an easier way to determine if cron is actually running, is via “rccron status”, executed as root
Any output generated by cron jobs is usually sent via email to the owning user of the cron tab, in your case that should be the root user. Anything to find there, in addition to any messages in syslog (grep CRON /var/log/messages) as asked by Hans?
A simple test entry could be
The time stamp of /tmp/cron.lastrun should follow the current time, verified by “ls -l /tmp/cron.lastrun”.
Do the status files of cron.daily etc suggest that cron is actually doing something, by displaying an appropriate (current) time stamp?
[QUOTE]# ls -l /var/spool/cron/lastrun/
-rw-r–r-- 1 root root 0 Feb 13 13:15 cron.daily
-rw-r–r-- 1 root root 0 Feb 7 16:00 cron.weekly[/QUOTE]
The first job runs well, everyday at 8.45am. But the second job doesn’t
The permissions on /oracle/SID/sch_jobs are 777 so that is not an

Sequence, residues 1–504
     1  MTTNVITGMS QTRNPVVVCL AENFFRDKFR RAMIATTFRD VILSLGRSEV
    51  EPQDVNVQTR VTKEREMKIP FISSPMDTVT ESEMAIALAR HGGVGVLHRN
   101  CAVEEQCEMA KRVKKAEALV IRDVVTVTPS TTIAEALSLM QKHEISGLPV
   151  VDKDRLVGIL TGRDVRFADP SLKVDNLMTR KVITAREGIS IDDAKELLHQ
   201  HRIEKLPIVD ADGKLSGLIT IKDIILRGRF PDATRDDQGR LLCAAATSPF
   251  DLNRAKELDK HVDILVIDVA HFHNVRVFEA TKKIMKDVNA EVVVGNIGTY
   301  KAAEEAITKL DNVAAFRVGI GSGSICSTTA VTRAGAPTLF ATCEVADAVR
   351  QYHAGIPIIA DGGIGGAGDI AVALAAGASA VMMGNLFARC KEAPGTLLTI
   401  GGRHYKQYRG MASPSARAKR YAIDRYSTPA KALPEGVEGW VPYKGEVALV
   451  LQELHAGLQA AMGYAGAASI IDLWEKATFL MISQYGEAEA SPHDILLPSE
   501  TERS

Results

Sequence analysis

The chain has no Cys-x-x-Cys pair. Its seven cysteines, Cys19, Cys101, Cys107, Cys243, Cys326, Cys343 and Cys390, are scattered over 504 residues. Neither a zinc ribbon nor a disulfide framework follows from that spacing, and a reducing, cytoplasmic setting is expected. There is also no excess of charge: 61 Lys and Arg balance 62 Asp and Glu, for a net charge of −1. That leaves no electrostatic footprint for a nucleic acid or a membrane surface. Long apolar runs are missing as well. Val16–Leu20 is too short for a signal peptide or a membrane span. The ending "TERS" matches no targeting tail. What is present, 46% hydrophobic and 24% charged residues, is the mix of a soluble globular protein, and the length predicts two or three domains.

Is it safe to assume that you waited another hour for the second job to
run, and that after that hour had elapsed the system was still on and in
the same state as it was when the first job ran? Why not have them set to
the same time for a better test?
ls: cannot access /tmp/cron.lastrun: No such file or directory[/QUOTE]
What does “grep cron /var/log/messages” report (if your host’s syslog is redirected somewhere else, search that destination, of course )? For each invocation you should usually see an according message similar to
Mar 4 11:00:01 yourhost /usr/sbin/cron: (root) CMD (/usr/bin/touch /tmp/cron.lastrun)
and the invocations of “crontab -l” should leave their traces there, too.
If you “see” your cron jobs once per minute, does your root user receive any error mails concerning the invocations - as “ls” doesn’t show any result (while cron seems to run, according to i.e. syslog and /var/spool/cron/lastrun/), some error then must have occurred…